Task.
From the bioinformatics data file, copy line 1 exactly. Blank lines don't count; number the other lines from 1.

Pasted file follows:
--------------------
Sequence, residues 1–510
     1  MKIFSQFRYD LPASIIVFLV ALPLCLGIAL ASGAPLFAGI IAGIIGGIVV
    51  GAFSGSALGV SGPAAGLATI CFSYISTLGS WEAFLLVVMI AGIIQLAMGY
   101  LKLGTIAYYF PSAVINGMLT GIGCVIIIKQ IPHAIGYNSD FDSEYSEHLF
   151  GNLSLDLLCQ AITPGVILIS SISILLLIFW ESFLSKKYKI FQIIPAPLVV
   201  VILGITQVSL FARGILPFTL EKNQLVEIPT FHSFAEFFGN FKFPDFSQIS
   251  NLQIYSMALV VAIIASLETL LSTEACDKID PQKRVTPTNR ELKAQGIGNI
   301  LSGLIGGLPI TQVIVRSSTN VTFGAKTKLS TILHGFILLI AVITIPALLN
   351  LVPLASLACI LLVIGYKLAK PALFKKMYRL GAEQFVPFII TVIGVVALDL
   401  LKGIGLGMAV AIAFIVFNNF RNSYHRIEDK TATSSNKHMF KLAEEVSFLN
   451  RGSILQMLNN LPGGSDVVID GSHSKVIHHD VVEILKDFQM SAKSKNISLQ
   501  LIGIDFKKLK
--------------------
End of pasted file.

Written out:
Sequence, residues 1–510